The best news is that both men and women ranked the same reason most often: “I was attracted to the person.”
The rest of the top 10 for each gender were also almost all the same, including “I wanted to express my love for the person,” “I was sexually aroused and wanted the release” and “It’s fun.”
I might say more about the study as I read further into it. For now, this is all I want to say.
Wednesday, July 25, 2007
It is helpful to revisit some of Paul VI's words in this encyclical, to remind us in part of how truly visionary his words are, but also as a reminder of what is at stake. In paragraph 17, Paul VI elaborates on three consequences he sees as the evil results of the contraceptive mentality. First he envisions "marital infidelity and a general lowering of moral standards." Sadly this first consequence is easily seen in the rates of divorce and infidelity among married couples as well as its overwhelming repercussions for the notion of marriage and morality in the public square. Second, Paul VI sees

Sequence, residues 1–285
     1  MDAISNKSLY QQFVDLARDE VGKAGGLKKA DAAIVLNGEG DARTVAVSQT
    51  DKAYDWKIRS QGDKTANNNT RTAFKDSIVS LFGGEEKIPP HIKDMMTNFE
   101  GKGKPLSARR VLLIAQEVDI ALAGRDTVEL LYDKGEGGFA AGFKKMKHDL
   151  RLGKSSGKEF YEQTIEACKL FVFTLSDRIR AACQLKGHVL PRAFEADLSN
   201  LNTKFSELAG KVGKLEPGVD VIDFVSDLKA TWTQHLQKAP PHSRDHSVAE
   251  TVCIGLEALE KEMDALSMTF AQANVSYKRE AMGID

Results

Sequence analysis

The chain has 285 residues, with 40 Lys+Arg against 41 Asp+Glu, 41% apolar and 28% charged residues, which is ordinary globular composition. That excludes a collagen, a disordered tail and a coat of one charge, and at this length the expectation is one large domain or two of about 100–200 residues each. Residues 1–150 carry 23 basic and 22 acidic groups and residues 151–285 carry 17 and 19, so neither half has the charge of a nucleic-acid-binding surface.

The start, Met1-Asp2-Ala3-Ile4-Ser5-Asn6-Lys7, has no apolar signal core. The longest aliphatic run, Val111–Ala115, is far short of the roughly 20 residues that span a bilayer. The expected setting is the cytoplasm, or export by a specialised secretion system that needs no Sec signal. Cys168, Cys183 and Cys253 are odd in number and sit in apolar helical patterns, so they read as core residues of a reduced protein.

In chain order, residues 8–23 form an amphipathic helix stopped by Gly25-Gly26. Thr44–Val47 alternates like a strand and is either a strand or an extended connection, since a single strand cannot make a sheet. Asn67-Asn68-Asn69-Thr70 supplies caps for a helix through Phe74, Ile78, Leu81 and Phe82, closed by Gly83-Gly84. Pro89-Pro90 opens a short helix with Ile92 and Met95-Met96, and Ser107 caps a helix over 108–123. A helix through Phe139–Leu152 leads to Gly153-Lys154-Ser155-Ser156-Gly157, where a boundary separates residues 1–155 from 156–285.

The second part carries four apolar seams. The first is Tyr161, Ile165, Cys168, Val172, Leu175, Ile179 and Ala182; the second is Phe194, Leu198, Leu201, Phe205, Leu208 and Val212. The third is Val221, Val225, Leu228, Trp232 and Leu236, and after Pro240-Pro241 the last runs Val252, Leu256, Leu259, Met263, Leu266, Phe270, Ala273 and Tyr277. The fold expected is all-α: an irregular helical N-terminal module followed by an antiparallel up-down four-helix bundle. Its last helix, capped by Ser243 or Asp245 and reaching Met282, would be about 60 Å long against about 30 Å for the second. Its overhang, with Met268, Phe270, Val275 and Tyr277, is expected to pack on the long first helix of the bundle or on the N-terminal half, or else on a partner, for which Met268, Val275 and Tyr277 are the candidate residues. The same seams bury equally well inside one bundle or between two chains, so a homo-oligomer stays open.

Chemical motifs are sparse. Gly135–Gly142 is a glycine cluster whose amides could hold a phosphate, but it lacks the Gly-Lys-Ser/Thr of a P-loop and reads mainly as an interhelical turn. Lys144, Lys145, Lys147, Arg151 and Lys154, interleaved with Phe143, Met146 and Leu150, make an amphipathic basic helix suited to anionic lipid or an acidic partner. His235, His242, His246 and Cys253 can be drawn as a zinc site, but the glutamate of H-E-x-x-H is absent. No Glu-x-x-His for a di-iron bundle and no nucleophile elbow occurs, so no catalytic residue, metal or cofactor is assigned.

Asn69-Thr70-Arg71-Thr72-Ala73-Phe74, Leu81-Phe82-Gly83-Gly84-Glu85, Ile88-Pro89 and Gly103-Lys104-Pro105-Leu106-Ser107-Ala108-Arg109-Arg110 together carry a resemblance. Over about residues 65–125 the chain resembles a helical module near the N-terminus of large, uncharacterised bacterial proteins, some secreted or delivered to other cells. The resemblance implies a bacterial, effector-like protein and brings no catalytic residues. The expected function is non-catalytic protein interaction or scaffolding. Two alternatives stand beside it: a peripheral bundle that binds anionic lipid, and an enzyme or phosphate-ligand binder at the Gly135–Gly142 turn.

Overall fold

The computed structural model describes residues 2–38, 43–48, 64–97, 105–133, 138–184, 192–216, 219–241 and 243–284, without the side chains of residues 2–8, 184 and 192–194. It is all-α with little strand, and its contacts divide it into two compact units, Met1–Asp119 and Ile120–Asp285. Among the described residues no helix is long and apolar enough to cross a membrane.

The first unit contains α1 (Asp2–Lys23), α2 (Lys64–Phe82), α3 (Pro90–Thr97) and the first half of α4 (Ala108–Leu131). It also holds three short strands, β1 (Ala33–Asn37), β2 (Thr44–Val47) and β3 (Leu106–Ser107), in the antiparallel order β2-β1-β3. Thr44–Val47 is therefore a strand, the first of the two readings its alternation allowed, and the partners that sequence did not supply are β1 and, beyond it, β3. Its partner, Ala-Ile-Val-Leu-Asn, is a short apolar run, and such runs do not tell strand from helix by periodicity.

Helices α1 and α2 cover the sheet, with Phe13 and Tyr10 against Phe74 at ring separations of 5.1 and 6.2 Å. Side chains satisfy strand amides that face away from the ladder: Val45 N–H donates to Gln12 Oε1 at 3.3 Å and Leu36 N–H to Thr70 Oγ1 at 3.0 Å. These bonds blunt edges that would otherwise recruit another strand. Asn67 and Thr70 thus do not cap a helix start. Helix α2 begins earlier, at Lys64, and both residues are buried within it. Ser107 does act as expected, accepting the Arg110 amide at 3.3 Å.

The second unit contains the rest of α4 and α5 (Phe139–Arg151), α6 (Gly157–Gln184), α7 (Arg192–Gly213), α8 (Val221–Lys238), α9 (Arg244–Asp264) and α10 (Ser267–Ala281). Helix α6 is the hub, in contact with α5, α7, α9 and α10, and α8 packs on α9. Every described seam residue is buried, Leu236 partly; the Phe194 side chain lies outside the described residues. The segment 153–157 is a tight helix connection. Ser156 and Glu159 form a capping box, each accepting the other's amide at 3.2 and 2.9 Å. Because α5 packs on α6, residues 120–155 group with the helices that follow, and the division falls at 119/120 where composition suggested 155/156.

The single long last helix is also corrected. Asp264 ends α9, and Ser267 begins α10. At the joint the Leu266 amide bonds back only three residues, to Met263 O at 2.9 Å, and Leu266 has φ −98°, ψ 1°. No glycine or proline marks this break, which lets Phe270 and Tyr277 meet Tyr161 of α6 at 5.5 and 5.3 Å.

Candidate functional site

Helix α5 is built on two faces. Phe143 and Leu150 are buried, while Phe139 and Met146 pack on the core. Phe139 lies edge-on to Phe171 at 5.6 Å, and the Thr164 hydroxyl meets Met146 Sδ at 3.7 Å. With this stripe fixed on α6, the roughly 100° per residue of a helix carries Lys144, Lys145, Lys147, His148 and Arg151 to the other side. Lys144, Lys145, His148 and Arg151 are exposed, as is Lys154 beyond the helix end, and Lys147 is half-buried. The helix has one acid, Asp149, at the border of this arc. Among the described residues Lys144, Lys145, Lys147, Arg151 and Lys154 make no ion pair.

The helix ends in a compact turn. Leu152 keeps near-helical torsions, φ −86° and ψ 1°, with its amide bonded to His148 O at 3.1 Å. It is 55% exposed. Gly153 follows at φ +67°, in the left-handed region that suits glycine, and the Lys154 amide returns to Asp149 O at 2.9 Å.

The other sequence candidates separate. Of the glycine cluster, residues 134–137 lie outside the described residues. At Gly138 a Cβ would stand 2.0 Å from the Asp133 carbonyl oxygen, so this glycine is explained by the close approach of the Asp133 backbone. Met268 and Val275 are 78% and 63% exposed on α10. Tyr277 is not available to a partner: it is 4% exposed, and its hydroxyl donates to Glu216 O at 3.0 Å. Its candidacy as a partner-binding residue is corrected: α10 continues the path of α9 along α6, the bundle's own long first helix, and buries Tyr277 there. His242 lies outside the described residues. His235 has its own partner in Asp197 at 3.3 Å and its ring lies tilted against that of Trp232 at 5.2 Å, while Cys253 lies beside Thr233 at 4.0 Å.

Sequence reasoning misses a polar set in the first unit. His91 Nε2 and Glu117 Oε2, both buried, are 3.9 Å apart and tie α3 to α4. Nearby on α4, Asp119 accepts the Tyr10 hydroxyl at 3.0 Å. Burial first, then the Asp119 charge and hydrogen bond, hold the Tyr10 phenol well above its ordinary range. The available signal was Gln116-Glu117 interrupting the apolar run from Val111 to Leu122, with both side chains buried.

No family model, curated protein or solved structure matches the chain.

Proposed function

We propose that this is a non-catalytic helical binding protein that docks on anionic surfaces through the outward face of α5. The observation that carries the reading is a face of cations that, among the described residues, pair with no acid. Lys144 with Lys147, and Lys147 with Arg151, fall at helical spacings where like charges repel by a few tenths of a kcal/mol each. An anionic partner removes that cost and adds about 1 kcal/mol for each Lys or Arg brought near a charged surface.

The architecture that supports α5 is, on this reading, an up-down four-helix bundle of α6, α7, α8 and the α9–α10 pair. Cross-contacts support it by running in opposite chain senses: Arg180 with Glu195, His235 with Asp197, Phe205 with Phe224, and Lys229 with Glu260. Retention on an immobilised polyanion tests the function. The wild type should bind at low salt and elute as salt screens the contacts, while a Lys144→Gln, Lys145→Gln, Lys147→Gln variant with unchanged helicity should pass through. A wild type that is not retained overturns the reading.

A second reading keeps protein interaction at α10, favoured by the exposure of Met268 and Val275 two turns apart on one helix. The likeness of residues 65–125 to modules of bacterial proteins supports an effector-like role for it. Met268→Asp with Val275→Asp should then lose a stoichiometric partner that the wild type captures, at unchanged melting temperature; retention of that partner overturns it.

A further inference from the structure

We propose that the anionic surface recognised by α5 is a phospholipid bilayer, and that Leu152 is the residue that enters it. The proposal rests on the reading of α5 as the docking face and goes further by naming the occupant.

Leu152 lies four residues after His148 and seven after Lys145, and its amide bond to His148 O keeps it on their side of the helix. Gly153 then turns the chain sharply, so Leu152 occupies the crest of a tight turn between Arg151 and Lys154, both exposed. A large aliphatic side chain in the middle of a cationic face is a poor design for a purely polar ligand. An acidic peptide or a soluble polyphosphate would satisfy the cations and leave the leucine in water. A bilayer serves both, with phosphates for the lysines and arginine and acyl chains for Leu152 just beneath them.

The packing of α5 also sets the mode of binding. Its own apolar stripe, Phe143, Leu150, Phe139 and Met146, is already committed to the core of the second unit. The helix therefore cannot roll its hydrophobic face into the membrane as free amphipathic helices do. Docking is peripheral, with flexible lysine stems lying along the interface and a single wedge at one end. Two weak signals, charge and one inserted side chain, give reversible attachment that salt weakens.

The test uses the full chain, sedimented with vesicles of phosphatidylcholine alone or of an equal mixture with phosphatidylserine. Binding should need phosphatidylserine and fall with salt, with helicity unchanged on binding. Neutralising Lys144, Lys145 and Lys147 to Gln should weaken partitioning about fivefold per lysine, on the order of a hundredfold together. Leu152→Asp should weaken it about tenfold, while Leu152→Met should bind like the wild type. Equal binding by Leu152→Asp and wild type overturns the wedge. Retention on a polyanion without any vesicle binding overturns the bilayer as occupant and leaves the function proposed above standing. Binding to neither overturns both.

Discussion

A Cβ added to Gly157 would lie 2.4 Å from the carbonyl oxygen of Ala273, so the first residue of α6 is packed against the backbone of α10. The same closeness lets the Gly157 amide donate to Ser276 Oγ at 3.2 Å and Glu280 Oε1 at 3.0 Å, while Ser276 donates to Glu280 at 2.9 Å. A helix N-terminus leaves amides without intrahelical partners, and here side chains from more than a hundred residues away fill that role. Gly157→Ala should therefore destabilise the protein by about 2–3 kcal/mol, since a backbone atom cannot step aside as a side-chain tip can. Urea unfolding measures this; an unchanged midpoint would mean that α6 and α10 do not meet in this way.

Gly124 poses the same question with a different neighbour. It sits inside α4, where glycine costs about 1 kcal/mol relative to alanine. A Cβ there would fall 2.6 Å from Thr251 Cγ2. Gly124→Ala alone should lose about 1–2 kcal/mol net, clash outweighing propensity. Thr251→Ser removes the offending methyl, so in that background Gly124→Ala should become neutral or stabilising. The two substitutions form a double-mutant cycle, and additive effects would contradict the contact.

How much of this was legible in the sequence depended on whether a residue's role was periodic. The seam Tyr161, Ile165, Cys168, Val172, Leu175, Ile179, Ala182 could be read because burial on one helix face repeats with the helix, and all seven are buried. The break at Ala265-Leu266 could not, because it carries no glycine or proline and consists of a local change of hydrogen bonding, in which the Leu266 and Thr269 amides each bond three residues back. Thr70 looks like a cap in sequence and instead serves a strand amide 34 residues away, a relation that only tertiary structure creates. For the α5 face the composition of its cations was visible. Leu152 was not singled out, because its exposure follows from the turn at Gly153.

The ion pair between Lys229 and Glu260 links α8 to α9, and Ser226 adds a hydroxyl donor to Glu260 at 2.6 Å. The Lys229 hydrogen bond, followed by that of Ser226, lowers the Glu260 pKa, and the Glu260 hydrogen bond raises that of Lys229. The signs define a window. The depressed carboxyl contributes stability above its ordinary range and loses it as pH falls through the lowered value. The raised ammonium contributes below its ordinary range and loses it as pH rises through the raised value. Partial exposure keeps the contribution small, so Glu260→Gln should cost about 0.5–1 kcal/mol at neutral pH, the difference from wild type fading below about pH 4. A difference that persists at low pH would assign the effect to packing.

man who grows accustomed to the use of contraceptive methods may forget the reverence due to a woman, and, disregarding her physical and emotional equilibrium, reduce her to being a mere instrument for the satisfaction of his own desires, no longer considering her as his partner whom he should surround with care and affection.Coupled with the outpouring of pornography, women and men have been reduced to instruments for use and eventual disregard. How often is love portrayed in our culture simply as dealing with physical pleasure and emotion? How often does one get the notion of love as self-sacrifice and care for another without such physical pleasure or emotion? As a result of the contraceptive mentality, one loses the meaning of love.
Finally, Paul VI has concerns about the contraceptive mentality invading public policy.